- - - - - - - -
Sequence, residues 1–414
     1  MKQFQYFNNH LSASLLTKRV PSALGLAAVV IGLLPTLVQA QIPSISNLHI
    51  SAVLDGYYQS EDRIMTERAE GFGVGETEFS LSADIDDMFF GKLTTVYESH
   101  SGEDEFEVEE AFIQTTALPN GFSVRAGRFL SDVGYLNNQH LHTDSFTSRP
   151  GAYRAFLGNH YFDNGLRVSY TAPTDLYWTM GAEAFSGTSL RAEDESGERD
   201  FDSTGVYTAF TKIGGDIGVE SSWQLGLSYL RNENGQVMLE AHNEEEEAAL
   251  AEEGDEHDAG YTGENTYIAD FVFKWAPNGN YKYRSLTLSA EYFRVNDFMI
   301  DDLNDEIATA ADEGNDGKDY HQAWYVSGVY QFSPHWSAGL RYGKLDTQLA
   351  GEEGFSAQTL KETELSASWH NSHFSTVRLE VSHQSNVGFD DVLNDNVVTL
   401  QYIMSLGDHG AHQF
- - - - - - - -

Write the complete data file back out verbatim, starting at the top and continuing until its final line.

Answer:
Sequence, residues 1–414
     1  MKQFQYFNNH LSASLLTKRV PSALGLAAVV IGLLPTLVQA QIPSISNLHI
    51  SAVLDGYYQS EDRIMTERAE GFGVGETEFS LSADIDDMFF GKLTTVYESH
   101  SGEDEFEVEE AFIQTTALPN GFSVRAGRFL SDVGYLNNQH LHTDSFTSRP
   151  GAYRAFLGNH YFDNGLRVSY TAPTDLYWTM GAEAFSGTSL RAEDESGERD
   201  FDSTGVYTAF TKIGGDIGVE SSWQLGLSYL RNENGQVMLE AHNEEEEAAL
   251  AEEGDEHDAG YTGENTYIAD FVFKWAPNGN YKYRSLTLSA EYFRVNDFMI
   301  DDLNDEIATA ADEGNDGKDY HQAWYVSGVY QFSPHWSAGL RYGKLDTQLA
   351  GEEGFSAQTL KETELSASWH NSHFSTVRLE VSHQSNVGFD DVLNDNVVTL
   401  QYIMSLGDHG AHQF